Monday, May 02, 2005

The Weaning of America

Unless the program is significantly reformed, Social Security (SS) will become insolvent by 2041. According to, "insolvency" means "one who is unable to pay his debts as they fall due". In 2041, SS will no longer be able to pay promised debts and will be insolvent, as obligations will by that year exceed income to the fund, as the trustees of the SS Trust Fund recently reported.

If nothing is done to correct this impending insolvency, the program will by 2041 be able to pay recipients of SS only 74% of promised benefits. According to the SS trustee's report, one solution to the impending insolvency of the program is the "immediate increase of 15 percent in the amount of payroll taxes or an immediate reduction in benefits of 13 percent (or some combination of the two)." I am confident that almost no one would want to see their taxes increased or benefits reduced by that much to protect a system so fundamentally flawed as SS. What is needed, therefore, is a gradual weaning from the current pay-as-you-go, federally controlled system to an ownership-based system, as broadly outlined by the president in his news conference last week.

A system where individuals have control of their own retirement money, and have choices for how the money is invested, will align the retirement goals of all Americans with the continued success of our market-based economy. The money put away for retirement will be put back into the economy where it can be used by business to create jobs, provide goods and services, and build a better, more financially secure America.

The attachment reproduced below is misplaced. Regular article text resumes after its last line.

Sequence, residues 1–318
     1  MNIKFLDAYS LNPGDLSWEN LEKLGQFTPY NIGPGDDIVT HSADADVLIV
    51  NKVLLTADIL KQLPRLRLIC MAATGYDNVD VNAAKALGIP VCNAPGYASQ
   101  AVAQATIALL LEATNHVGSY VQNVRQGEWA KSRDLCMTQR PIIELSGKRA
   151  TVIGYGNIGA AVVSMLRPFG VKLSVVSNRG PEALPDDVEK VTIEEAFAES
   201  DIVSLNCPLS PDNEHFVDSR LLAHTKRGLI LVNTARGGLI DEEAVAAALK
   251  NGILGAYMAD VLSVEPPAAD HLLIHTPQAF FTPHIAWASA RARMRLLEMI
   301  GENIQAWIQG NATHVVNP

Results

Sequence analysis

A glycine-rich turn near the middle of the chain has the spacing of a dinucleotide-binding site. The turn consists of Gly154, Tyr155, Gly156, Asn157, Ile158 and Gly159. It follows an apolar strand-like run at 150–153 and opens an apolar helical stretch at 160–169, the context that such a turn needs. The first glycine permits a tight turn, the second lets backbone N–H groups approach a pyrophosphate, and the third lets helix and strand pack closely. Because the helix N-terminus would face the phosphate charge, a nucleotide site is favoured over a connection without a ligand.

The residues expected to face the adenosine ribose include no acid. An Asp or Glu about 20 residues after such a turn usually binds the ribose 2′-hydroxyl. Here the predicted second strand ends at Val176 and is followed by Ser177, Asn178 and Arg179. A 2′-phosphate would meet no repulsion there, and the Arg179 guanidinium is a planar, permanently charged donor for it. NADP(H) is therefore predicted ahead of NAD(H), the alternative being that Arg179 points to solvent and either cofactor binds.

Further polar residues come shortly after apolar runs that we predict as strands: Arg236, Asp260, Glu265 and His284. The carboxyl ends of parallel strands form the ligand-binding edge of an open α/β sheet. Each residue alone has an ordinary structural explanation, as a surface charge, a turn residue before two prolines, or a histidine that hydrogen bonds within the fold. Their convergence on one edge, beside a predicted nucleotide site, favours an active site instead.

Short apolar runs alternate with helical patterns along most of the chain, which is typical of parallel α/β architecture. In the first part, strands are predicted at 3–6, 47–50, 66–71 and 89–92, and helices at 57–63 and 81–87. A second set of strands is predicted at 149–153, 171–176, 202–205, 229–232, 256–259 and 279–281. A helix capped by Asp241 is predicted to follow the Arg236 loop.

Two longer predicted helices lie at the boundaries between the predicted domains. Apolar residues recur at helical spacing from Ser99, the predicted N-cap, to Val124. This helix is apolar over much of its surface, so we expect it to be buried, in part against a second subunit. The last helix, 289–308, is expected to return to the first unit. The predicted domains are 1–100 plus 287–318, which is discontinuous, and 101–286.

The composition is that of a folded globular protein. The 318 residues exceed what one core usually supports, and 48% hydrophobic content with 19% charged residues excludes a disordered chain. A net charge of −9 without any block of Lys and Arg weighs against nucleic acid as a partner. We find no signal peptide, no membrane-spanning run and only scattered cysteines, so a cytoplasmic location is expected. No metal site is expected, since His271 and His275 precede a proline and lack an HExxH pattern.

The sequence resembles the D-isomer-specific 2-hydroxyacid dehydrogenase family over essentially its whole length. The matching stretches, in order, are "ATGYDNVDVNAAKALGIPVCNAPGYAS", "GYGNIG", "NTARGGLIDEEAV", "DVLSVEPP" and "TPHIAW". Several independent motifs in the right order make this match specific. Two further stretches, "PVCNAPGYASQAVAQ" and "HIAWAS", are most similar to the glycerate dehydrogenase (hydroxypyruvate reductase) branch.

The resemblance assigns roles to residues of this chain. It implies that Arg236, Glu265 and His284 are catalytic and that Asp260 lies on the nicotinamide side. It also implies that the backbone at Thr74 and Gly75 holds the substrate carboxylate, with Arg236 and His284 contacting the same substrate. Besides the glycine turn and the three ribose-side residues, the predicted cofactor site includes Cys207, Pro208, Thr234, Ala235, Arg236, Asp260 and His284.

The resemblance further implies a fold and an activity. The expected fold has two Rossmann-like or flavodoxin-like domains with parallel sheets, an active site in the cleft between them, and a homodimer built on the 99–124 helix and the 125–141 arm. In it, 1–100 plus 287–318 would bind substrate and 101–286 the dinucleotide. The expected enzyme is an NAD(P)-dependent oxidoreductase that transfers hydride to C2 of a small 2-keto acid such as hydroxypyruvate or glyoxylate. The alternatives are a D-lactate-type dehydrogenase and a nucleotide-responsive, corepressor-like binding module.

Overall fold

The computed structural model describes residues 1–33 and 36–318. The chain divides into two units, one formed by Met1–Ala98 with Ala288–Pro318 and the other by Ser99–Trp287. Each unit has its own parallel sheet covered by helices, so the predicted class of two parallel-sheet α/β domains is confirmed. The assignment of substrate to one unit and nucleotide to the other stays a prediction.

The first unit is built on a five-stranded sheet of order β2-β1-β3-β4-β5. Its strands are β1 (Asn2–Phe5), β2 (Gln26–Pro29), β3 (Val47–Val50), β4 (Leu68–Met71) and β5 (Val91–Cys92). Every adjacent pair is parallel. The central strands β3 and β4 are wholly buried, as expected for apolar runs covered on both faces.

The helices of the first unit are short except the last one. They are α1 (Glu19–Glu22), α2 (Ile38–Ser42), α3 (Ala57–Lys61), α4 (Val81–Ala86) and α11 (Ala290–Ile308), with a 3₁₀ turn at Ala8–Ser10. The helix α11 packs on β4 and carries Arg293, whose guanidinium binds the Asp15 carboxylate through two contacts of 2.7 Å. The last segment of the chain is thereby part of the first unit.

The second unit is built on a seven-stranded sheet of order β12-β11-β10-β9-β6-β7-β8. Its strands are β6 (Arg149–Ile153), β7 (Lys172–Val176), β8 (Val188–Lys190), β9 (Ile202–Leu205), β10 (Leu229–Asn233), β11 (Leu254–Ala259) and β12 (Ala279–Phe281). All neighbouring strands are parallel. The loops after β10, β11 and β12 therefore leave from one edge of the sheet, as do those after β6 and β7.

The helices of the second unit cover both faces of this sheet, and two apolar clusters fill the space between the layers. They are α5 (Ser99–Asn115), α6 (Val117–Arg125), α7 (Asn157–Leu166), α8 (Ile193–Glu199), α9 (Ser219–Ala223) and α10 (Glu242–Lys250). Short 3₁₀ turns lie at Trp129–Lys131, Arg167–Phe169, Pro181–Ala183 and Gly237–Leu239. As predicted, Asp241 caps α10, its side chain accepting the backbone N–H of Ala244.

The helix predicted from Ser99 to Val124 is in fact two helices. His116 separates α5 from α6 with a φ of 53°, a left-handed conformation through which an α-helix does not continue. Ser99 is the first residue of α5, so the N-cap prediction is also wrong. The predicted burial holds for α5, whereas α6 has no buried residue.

For some people, the idea of investing in the stock market is very intimidating, but there can easily be selectable portfolios with varying degrees of risk and reward to protect those with little or no investing experience. The system would need to be gradually phased-in starting with younger workers, where their investment time-horizon to retirement is long enough that any market fluctuations will both teach them how to invest, and won't hurt them long-term. Finally, as one approaches retirement the system could restrict the type of investments available to minimize risk and protect the retirement nest egg from sudden market changes just before retirement. And of course, there would still be a 'safety net' to ensure the dignified retirement for the poor and those who, for one reason or another, simply cannot provide for themselves.

The key to this system, though, is the alignment of retirement goals with the overall economy. We all participate in the economy, and when our retirement funds are invested in and count on the future success of the economy, it will put us all in the same boat rowing in the same direction. It will lessen the tax burden on Americans, and will make the public funding of retirement for the poor easier for the taxpayer and more fullfilling for the recipient. Remaining tax dollars can go to funding other priorities, such as the even more urgent Medicare crisis. Best of all, we won't have to revisit this same argument again to try to "save" a system that is by its design destined for failure.

This post also appears on Blogger News Network.

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